Twice-failed presidential candidate and former Secretary of State Hillary Clinton tweeted an article Wednesday by Ilyse Hogue, the head of the abortion advocacy group NARAL, arguing that abortion restrictions will lead to women’s deaths.
“When anti-choice politicians limit access to reproductive care, women die,” Clinton tweeted.
She encouraged her followers to read the CNN article by Hogue, saying it explained “why we must continue to fight the new wave of six-week abortion bans that make women collateral damage for extremist views.”
When anti-choice politicians limit access to reproductive care, women die.— Hillary Clinton (@HillaryClinton) April 3, 2019
Please read @ilyseh on why we must continue to fight the new wave of six-week abortion bans that make women collateral damage for extremist views: https://t.co/6Hq32TB4Vl
Hogue’s article argues that heartbeat bills, which would ban abortion after about six weeks when the fetal heartbeat is detected, would “compound” the crisis of high maternal mortality rates.
She goes on to accuse Republicans of not caring about the maternal mortality crisis in Georgia, where Gov. Brian Kemp (R) has promised to sign the heartbeat bill, and throughout the nation.
“Instead of focusing on problems like maternal mortality, the GOP seems intent on pushing extreme bills like the one that just passed in Georgia,” she argued. “Kemp promised on the campaign trail that he would "sign the toughest abortion laws in the country" and all signs suggest he will sign HB 481 into law.”
However, Kemp also highlighted his solutions to the high maternal mortality rates on the campaign trail in November.
“We know that there is a direct correlation between access to maternal care and improved maternal health outcomes,” he said. “Our plan is to enhance and increase any and all provider loan forgiveness programs for OB/GYN providers in rural Georgia to increase the number of providers in areas where mothers have to travel hours to seek maternal care.”
While Hogue argues that abortion bans will increase the maternal mortality rate, she does not cite any data in her article to back that claim.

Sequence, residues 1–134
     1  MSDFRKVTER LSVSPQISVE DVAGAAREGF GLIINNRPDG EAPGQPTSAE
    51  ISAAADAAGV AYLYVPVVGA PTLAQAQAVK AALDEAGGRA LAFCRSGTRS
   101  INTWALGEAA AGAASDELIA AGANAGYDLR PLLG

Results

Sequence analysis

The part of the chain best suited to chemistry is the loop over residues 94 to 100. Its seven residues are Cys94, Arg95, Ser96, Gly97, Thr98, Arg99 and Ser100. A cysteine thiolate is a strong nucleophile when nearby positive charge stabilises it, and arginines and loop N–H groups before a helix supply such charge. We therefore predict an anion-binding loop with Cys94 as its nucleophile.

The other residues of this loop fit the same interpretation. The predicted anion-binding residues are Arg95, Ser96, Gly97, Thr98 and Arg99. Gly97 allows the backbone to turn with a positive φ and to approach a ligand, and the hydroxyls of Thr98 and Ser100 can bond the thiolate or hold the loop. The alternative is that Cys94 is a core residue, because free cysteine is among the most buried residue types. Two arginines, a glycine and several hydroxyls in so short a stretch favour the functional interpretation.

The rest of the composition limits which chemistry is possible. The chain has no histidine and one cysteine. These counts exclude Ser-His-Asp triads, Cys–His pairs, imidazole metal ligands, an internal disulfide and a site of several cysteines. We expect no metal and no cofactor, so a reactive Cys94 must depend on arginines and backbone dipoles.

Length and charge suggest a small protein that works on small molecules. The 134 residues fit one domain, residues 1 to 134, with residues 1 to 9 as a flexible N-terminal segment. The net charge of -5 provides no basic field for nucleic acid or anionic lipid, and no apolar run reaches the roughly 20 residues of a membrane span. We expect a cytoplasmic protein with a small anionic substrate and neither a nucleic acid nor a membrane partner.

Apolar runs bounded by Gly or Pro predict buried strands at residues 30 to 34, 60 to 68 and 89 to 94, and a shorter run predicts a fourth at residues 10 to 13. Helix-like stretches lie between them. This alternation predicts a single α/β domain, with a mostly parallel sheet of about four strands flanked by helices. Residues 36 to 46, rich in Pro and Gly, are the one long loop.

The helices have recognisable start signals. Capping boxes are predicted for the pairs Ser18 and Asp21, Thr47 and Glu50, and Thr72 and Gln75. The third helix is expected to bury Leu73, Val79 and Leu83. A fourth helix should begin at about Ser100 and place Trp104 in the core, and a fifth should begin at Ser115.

The ‘women will literally die due to abortion restrictions’ argument is popular in the abortion movement but has little factual backing establishing any correlation between the two.
Former Planned Parenthood president Cecile Richards attempted to push the correlation between maternal mortality and abortion restrictions in January 2017. She cited a statistic arguing that maternal mortality doubled in Texas after the state cut funding to Planned Parenthood in 2011.
However, the statistics in Texas have been attributed to flawed data.
The fact-checking website Snopes.com took on that claim in August 2016, calling the correlation between maternal death and defunding Planned Parenthood “unproven.” They concluded that “researchers did not demonstrate a direct correlation between reproductive health laws in Texas and the maternal mortality rate.”
Amazingly, Hogue went on to imply, without evidence, that restrictions on abortion access are related to high infant mortality rates and bad infant care.
“Extreme abortion bans are being pushed in a handful of other states across the country. Mississippi, which has the highest infant mortality rate and the worst overall care for infants and kids in the country, just passed one of the most restrictive abortion laws in the country,” she wrote. “The actions of the modern-day GOP lay bare its truth: it is engaged in a coherent, consistent and intentional strategy aimed at the ultimate goal of criminalizing abortion and punishing women. And if the collateral damage happens to be the actual lives, health and well-being of women and families, so be it.”
As for the heartbeat bill in Georgia, Gov. Kemp has brushed aside a threatened boycott from Hollywood over the legislation.
“I can’t govern because I’m worried about what someone in Hollywood thinks about me,” Kemp told the Atlanta Journal-Constitution. “I ran the last two years on these issues, and I got elected with the largest number of votes in the history of the state of Georgia, and I’m doing what I told people I would do.”